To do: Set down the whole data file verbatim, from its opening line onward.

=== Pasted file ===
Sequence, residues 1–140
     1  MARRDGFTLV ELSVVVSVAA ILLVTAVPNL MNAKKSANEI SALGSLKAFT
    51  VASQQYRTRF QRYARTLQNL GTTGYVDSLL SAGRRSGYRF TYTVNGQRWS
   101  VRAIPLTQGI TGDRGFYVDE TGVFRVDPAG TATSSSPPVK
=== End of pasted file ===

Sequence, residues 1–140
     1  MARRDGFTLV ELSVVVSVAA ILLVTAVPNL MNAKKSANEI SALGSLKAFT
    51  VASQQYRTRF QRYARTLQNL GTTGYVDSLL SAGRRSGYRF TYTVNGQRWS
   101  VRAIPLTQGI TGDRGFYVDE TGVFRVDPAG TATSSSPPVK